Jack Straw: “We are part of the problem”

Some fairly amazing words of self-evident truth from Jack Straw, which it is impossible to imagine issuing forth from any figure in the US administration. But a consensus appears to be emerging on both sides of the Atlantic that there will be big troop reductions after the new constitution takes effect next year. Is this just intended for public consumption or do they mean it? And will there be a significant escalation of violence before the new constitution is worked out? Via TruthOut:

US-Led Troops in Iraq Part of Problem – UK’s Straw
02 August 2005

London – The presence of British and U.S. troops in Iraq is fuelling the Sunni-led insurgency which has killed hundreds of people, British Foreign Secretary Jack Straw said in comments published on Tuesday. In an interview with Britain’s Financial Times newspaper, Straw said it was crucial Iraq’s draft constitution was ready by a mid-August deadline to pave the way for a troop withdrawal.

“The more certainty you have on that (the constitution), the more you can have a programme for the draw-down of troops which is important for the Iraqis,” he said. “Because — unlike in Afghanistan — although we are part of the security solution there, we are also part of the problem.”

The Iraqi panel drawing up the constitution has come under intense U.S. pressure to submit a draft on time. The Iraqi government and its U.S. backers see the constitution as a key part of any democratic process and hope it can help defuse the two-year-old insurgency and allow U.S. and British troops to withdraw sooner.

U.S. General George Casey said last month he expected troop cuts after a referendum on a new constitution due in October and an election for a new leader in December. Casey made a similar prediction earlier this year, but U.S. officials have avoided suggesting a timetable since violence worsened sharply after the new government took power in April.

Britain, Washington’s main ally in the 2003 war to topple former President Saddam Hussein, has about 8,500 troops in Iraq, based mainly in the south.

See our last post on Iraq.

  1. Meanwhile in Iraq today…
    Also via TruthOut:

    Seven Marines Die in Two Iraq Attacks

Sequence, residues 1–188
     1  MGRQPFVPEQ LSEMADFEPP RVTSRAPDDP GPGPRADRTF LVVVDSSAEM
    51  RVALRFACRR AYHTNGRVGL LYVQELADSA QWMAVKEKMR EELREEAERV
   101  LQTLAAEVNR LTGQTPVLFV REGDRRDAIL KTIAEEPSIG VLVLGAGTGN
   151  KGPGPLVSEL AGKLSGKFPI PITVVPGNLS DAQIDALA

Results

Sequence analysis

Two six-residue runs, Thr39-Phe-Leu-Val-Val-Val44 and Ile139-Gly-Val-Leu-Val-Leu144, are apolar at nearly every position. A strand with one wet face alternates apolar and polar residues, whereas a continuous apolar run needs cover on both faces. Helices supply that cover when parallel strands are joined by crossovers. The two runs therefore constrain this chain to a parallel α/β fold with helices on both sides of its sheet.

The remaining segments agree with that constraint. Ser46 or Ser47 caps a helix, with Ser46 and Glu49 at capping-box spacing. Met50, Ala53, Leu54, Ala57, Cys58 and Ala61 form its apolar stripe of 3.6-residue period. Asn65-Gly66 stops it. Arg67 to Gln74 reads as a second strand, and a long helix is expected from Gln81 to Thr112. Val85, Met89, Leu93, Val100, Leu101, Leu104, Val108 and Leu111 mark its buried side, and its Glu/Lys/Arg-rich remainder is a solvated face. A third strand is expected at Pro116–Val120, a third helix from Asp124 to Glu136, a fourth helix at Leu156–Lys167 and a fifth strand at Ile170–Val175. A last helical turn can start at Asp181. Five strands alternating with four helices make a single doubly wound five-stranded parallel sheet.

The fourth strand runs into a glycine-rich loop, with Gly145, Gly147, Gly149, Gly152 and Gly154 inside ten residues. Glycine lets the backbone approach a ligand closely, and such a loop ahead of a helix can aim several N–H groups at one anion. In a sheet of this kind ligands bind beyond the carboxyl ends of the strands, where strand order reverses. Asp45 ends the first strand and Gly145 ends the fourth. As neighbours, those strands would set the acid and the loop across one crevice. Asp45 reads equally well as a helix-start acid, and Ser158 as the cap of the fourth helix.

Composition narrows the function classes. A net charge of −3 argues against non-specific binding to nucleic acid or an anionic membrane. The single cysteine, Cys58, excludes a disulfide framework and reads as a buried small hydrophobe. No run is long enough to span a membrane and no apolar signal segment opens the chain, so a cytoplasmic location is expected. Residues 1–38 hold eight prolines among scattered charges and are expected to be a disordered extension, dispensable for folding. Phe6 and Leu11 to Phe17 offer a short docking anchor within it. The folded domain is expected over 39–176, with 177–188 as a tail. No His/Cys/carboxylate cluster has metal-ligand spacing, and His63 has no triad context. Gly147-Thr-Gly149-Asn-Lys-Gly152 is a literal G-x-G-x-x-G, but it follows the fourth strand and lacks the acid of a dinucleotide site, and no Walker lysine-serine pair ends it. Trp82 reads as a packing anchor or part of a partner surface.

Tuesday 02 August 2005

    Baghdad – Seven U.S. Marines died Monday in two incidents north of Baghdad, the military said Tuesday. According to military news releases, six Marines died in combat near Haditha, about 135 miles (217 kilometers) northwest of Baghdad. Another Marine died in a suicide car bombing near Hit, 95 miles (152 kilometers) northwest of Baghdad.

    All seven were assigned to Regimental Combat Team-2, 2nd Marine Division, 2nd Marine Expeditionary Force. The deaths brought the number of U.S. troops killed in the Iraq war to 1,800, according to military reports.

    US Convoy Hit

    A suicide car bomber attacked a U.S. military convoy in Baghdad on Tuesday, wounding 29 people, Iraqi police said. Police said the attacker struck as the convoy traveled though an underpass beneath al-Tahrir Square. Fifteen vehicles were destroyed. Police said they found the remains of the suicide bomber.

    In Baquba, meanwhile, police said gunmen on Tuesday killed a Diyala province Health Ministry official and his driver near Diyala Medical College. Dr. Abdul Hassan Mehdi was director of Khalis General Hospital in the town of Khalis, police said.

    Also in Baquba on Tuesday, a bomb attack on an Iraqi police convoy killed a police officer and a child, police said. Seven police and a civilian were wounded in the blast. Baquba is about 30 miles (50 kilometers) north of Baghdad.

    Constitution on Track

    A committee drafting Iraq’s new constitution has decided against requesting a six-month extension of its August 15 deadline, its chairman told Iraq’s transitional National Assembly on Monday.

    Officials had until Monday to request the deadline extension.

    The constitution is to be handed to the National Assembly by August 15. It then faces approval before moving onto to a public referendum in October.

    If the constitution passes, elections for a new parliament must occur by mid-December with a new government in place by the end of 2005.

    Other developments:

    * Ohio’s 2nd Congressional District holds a special election Tuesday pitting Democratic Iraq war veteran Paul Hackett, a critic of President Bush, against Republican Jean Schmidt. If successful, Hackett would be the first Iraq war combat veteran elected to Congress.

    * Fifteen bodies were found in the area of Um Al Ma’alif near Baya’a in southwestern Baghdad on Monday, Iraqi police said. Witnesses told police that men in a blue minivan pulled over to the side of the road and dumped the bodies. Some of the bodies had been beheaded.